I would say, this is about half the package of Kraft cheese, so 4 oz. Not much. 


The cheese was shredded nearly frozen. Here it is completely frozen.


1 + 1/2 cup flour, 2 tablespoons butter, 2 level teaspoons baking powder, sea salt





Water added through the feed tube in increments until dough balls up. The dough could have been more wet.



The dough is divided in two.






There was exactly enough dough for two of these trays. 



scrambled eggs, pork chili






It is a delicate flower that buds all month and blooms an hour.

I dislike those kind of flowers. But evanescence is not so bad with scrambled eggs unless you are an MRE developer or something. Silky and light as an airy sauce but more substantial than that. Whipped with cold butter and finished with sour cream -- fat and acid -- just like a sauce, except sturdier than that. Heavier than a souffle, denser than meringue, lighter than an omelet, weightier than synthetic sponge but lighter than a steel gauntlet and more buoyant than a sack of nickels.

Pork with green chiles from before. 

The idea is to shred the pork but I did not do that. I liked the cubes too much to go around smashing them to bits. But later at the table, just pressing down steadily on a pork cube with the back of a fork smashes it to smithereens quite satisfyingly. So shouldn't that be an enjoyment left for the diner? Leave something to play with. Then push the smashed cube around and it <begin sound effect> slurps <end sound effect> up the sauce.


green chili














You're probably thinking, "Hey! that chili is red, not green." 

The chiles in the chili are green. The tomatoes turn the overall color red. 42 oz tomatoes out-colors 27 oz green chiles. There is also jalapeño chiles but the tins are much smaller. 

No matter what I do along these lines I am always pleased with the result. I've tried all cuts of pork, beef, lamb, and chicken and they all work very well. 

As to what is not shown, it is all in tins except for an onion and the cloves of half a garlic bulb. 

I thought I would go easy this time. One small pork roast, one 27 oz tin of Hatch type roasted green chiles. Three 14 oz tins of diced tomato, two medium size tins of jalapeño chile peppers in strips. That would amount to a small batch, so I thought.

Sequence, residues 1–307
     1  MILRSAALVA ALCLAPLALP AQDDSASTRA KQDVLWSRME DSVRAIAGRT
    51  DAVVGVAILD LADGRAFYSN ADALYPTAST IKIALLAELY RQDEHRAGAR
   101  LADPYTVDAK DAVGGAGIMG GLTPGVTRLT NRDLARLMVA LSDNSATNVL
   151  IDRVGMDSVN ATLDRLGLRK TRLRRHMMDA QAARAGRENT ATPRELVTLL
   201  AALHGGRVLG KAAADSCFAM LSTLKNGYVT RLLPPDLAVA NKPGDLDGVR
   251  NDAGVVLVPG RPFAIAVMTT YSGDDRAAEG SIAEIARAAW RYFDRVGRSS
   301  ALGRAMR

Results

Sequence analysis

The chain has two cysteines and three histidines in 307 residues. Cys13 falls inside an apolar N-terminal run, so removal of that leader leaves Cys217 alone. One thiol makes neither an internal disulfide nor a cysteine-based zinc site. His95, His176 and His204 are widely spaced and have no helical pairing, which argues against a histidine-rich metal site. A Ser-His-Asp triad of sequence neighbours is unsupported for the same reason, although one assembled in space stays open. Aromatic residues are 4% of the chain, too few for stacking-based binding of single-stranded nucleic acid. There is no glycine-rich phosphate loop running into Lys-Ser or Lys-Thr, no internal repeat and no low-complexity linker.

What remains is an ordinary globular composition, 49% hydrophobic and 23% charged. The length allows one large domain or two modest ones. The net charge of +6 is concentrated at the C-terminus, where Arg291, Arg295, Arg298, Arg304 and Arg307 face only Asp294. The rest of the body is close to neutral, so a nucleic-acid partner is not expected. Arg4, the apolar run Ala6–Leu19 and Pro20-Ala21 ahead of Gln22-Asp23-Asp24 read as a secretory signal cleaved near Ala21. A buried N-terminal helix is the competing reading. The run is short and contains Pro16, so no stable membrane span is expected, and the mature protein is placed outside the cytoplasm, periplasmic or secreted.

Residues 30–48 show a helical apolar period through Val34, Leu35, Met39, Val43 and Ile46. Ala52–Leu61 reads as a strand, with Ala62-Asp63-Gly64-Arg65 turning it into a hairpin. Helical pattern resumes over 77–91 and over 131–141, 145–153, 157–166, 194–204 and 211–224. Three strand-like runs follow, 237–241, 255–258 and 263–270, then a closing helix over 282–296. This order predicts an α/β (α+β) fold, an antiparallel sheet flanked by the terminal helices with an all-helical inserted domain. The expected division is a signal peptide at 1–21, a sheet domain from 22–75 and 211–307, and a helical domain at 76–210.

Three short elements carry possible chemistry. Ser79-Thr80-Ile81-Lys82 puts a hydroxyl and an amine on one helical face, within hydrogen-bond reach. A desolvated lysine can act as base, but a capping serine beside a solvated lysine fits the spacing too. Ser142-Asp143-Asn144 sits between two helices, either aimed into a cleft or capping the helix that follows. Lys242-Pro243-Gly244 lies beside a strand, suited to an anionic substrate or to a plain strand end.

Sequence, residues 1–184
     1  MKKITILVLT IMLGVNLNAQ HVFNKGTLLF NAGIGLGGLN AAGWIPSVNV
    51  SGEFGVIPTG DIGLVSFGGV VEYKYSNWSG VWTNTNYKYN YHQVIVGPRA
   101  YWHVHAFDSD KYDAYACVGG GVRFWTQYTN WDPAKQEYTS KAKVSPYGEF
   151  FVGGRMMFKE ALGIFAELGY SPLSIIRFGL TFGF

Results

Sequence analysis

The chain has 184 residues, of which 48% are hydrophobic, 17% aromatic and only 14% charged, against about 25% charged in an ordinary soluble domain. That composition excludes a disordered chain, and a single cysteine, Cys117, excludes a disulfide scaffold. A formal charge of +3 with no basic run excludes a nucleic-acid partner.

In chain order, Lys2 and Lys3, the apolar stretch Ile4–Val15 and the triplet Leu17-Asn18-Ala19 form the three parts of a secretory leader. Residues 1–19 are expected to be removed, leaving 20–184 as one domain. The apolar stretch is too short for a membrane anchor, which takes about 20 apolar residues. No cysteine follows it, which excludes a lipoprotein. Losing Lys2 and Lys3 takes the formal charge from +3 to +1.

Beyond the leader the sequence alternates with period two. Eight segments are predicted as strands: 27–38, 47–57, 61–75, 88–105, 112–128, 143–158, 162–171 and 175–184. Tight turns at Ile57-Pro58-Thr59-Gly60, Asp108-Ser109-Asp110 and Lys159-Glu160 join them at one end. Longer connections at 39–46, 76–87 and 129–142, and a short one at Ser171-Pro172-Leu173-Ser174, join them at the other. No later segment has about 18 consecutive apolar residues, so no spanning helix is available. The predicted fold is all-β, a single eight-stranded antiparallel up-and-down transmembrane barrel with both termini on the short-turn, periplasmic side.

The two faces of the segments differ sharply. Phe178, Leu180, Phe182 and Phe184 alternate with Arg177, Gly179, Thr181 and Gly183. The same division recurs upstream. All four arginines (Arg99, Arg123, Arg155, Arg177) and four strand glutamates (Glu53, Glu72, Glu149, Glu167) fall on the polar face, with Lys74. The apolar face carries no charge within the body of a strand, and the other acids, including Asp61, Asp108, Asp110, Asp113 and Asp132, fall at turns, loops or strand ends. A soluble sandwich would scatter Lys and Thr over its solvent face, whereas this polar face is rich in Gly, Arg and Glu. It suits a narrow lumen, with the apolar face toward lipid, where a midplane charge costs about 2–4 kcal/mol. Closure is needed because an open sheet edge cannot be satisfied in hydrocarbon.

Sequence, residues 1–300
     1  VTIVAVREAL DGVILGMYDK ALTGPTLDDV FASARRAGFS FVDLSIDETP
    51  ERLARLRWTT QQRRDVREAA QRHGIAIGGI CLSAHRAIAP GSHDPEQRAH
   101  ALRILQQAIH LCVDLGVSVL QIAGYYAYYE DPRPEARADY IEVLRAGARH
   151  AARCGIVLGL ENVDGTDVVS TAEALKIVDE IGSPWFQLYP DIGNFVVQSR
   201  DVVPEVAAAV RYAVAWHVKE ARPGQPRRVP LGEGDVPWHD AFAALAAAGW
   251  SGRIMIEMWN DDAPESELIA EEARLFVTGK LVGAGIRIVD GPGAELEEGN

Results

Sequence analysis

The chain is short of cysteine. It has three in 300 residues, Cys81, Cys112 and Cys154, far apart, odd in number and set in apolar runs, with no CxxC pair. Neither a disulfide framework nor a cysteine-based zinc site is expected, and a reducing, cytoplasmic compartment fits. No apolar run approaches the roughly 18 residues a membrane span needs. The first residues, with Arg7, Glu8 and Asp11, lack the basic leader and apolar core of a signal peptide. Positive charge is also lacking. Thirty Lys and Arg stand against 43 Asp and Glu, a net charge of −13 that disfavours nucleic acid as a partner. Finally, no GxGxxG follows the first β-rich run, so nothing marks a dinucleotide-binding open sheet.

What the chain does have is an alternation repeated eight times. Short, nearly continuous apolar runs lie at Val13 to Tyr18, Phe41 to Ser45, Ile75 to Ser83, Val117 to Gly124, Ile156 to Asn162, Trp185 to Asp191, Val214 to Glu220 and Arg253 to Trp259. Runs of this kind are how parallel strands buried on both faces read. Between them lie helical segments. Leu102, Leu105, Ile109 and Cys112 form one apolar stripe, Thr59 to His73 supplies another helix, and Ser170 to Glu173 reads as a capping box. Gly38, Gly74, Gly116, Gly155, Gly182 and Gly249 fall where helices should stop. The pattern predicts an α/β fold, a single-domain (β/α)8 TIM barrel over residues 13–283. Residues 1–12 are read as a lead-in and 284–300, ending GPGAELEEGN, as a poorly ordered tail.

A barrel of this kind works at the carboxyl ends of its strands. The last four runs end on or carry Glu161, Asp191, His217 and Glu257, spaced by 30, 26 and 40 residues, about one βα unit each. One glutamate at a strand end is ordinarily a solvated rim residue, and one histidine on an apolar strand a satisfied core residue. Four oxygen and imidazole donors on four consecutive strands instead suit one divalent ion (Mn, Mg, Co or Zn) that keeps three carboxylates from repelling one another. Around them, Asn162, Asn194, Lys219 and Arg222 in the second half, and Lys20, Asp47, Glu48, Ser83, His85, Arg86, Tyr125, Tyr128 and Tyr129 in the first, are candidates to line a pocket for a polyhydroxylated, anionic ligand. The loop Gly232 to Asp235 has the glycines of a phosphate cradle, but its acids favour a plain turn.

Herbs, of course: coriander, cumin, cayenne chile pepper powder, sea salt, black ground pepper.

The pork was still partially frozen. When I cut the pork into cubes it became very wet there on the cutting board. I had already seasoned it and I didn't want that rubbed off. In two batches, I dusted the pork cubes with flour to absorb the wetness. This instead of a paper towel because of the herbs already on it. You can see the seared caramelized flour encrusted the pork. As the pork released moisture and steamed, it picked up the fond stuck to the pan and adhered it to the surface of the pork. So a textured surface developed. Those cubes of fond-encrusted pork were utterly delicious just as they were. I ate six of the cubes for sort of a first course. 

Then the onion and garlic.

Then everything in the tins. This may sound to you like a cheapskate low down no good dirty rotten shortcut-take'n can-openin' inauthentic, gringo-choice-makin'n way of doing this, and maybe it is, but I roasted piles of chile peppers before lots of times on the grill, in the oven, broiled, stove-top, gas, electric, peeled the charred skins, I've peeled fresh tomatoes, I've peeled the sticky paper off tomatillos, found and used weird herbs like epazote, and insisted on specific cuts of pork, but honestly, when it all boils down, and it does boils down, it's not that I cannot tell the difference between fresh and tinned, it's that I don't care. It's all fantastic to me.   

Flour tortillas were made the usual way. 

* 2 cups a/p flour
* 3 tablespoons lard
* 2 level teaspoons baking powder
* 1 cup warm water 

Water added in increments until a workable dough is attained. This dough has salt and pepper and Mexican oregano. I guess it's not usual to season tortillas, but hey, what the heck. The dough balls are rolled out and fried. 

Blog Archive